Saturday, February 15, 2014

Facing Fear

I written a few times that fear is something you need to get a handle of in order to focus on playing good pool. 

If you have fear, you have negative feelings.  Negative feelings do not allow good pool playing!  Examples of "fear" in matches are:

  • embarrassment, 
  • losing in front of friends,
  • worrying about how you "should" finish,
  • people watching you,
  • meeting your expectations,
  • playing in front of a crowd,
  • playing with adversity around you,
  • being nervous,
  • feeling pressure,
  • worrying about results,
  • thinking ahead,
  • worrying about your "status"

Basically, anything that makes your heart race, hands shake, maybe sweat a little, can't really focus on pool or your fundamentals, mind racing, etc.

Sounds like pressure, huh? 

How do you overcome these negative feelings and thoughts?  You need to reverse those feelings and start thinking positive.

As I wrote about before, I talked to Paul Potier (a coach of pros) about this very thing - embarrassment in matches - while sitting next to him at a poker table at the Riviera in Vegas in 2007.

As a well-known instructor, I took the opportunity to ask him about my latest obstacle (I had been going through embarrassment in matches for a few months - right after I worked successfully on another part of my mental game, ironically).

He said, basically, embarrassment is the same as fear. If we look at fear and confidence on a percentage level, we have 100% of them combined into a flask (my terminology). The key is to make the two "feelings" lopsided in the flask so there is more confidence than fear. He didn't tell me how to do that but it's still a very important thing to remember.  get MORE confidence than fear.

I have a few tricks I use to get that confidence:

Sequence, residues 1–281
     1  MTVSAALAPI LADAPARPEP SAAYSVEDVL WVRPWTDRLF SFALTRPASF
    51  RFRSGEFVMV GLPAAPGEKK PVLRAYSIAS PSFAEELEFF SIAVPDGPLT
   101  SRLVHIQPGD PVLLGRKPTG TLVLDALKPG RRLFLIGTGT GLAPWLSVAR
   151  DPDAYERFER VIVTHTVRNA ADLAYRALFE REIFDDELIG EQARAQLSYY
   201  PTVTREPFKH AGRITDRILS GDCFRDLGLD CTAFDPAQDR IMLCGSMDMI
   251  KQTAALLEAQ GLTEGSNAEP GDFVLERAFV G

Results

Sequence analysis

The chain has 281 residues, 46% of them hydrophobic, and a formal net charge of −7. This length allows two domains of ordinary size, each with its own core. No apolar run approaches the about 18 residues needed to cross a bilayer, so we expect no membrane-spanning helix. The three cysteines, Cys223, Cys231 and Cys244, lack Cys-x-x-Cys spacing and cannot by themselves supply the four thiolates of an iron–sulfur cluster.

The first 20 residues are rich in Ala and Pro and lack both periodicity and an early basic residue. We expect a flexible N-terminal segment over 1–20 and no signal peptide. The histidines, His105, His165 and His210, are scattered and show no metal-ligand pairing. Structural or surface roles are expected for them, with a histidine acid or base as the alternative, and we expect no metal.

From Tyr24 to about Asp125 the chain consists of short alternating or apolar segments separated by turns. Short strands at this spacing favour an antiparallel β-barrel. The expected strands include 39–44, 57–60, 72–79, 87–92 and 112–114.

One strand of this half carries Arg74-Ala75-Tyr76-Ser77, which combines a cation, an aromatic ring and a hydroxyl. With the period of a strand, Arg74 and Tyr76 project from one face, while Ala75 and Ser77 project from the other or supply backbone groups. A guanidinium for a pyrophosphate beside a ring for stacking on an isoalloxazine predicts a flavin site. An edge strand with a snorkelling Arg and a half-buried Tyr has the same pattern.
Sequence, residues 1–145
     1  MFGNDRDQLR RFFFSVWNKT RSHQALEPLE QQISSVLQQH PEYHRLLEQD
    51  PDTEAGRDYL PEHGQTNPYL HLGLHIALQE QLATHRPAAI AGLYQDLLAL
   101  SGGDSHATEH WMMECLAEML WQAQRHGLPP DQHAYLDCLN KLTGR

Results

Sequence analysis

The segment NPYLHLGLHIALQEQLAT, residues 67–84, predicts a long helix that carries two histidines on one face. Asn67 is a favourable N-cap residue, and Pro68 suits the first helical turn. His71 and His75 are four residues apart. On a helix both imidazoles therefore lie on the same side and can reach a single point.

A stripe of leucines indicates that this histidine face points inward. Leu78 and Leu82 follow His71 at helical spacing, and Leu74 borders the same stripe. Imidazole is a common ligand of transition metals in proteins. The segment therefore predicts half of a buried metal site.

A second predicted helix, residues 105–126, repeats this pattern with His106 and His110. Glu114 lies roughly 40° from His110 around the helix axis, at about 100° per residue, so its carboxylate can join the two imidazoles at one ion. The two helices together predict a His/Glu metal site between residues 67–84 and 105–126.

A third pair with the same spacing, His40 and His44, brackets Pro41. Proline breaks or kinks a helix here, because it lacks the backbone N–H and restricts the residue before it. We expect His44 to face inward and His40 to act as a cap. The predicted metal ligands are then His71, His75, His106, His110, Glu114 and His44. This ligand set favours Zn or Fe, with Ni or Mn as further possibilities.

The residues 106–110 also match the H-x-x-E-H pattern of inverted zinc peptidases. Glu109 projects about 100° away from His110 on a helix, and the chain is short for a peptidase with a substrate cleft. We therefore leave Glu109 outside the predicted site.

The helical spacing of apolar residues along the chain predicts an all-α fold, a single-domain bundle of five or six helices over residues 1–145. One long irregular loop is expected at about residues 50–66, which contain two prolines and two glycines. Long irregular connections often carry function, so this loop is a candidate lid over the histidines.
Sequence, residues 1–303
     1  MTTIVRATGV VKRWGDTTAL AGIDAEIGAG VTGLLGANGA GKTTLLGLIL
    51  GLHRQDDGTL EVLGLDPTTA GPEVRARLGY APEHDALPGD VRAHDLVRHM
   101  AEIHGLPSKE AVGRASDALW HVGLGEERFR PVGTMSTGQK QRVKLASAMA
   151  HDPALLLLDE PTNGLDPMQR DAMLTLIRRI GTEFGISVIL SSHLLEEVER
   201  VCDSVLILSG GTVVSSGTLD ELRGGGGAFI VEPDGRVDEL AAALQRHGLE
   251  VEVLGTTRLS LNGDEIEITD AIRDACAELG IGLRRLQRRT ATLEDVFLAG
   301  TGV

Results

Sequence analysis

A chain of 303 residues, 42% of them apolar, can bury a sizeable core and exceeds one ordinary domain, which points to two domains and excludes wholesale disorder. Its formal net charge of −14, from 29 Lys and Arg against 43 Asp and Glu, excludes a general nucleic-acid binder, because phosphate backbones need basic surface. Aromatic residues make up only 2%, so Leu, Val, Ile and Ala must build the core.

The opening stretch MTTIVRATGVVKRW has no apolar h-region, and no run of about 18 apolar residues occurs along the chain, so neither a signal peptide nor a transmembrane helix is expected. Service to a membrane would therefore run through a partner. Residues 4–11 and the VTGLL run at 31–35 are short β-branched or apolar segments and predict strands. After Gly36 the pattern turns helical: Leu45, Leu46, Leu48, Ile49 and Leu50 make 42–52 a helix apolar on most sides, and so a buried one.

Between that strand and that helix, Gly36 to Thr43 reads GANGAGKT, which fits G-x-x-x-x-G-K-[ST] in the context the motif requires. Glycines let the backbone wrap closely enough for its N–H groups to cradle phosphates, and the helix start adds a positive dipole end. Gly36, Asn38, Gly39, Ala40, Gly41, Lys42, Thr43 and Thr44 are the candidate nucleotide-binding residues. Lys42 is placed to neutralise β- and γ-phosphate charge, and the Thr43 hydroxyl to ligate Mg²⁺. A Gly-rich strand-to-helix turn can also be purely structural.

• Focus on what you are doing right
  • Celebrate even the smallest successes (drawing the ball well or maybe breaking well)
  • Tell yourself how lucky you are to play the game you love
  • Compare this fear to other things in life.  Is this REALLY the worse thing you've been through?  Have you been through more "scarier" things in life.  Tougher things?  Of course.
  • Think of a great thing in your life that is going on to try and occupy your mind off of the negatives
  • Think of a song and sing in your head
  • Think of things that make you smile
  • Try and have fun even though you might be nervous

Basically, re-direct your thoughts to positive things.  Being "scared" or feeling pressure is not the end of the world!  So, make yourself realize that enough you may be heaving, can't breathe, and can't stop shaking.

I, of course, also take deep breathes when that adrenaline is racing through my veins.  Breathe in deeply, hold, let the air out slowly.  That actually slows your adrenaline.

The other key I have written about before is to focus on your pre-shot routine, fundamentals, and three-ball shape.  Tough to worry about what is going on around you if your mind is solely on the game.  Of course our mind SHOULD be only on the game at hand, but we all know thoughts creep into our minds.  But focusing on the layout in front of you helps your mind focus on that only.

For other tips, click here from a past post.

HAVE FUN, People!  Keep pool into perspective.
You gain strength, courage and confidence by every experience in which you really stop to look fear in the face. You are able to say to yourself, "I have lived through this horror. I can take the next thing that comes along." You must do the thing you think you cannot do. 

- Eleanor Roosevelt


Unknown said...

I watched a movie the other day "After Earth". Will Smith had this quote, "“Fear is not real. The only place that fear can exist is in our thoughts of the future. It is a product of our imagination, causing us to fear things that do not at present and may not ever exist. That is near insanity. Do not misunderstand me danger is very real but fear is a choice.”

The "monsters" in the movies are blind and can only find their prey by sniffing fear. His process of not having fear is similar to what you describe. I thought it was a great inspiration for using in pool or other task, and a great quote!

The mind can only have one thought at a time. This has been said many times by many people including Philip Capelle from his book "A Mind for Pool".

Melinda said...

Oh I LOVED that quote in the movie! It's perfect! Thank you for sharing!

And yes, that reference I made about the mind can only have one thought at a time was from Capelle himself! So you referencing his book really made me smile!

Thank you so much for the comments.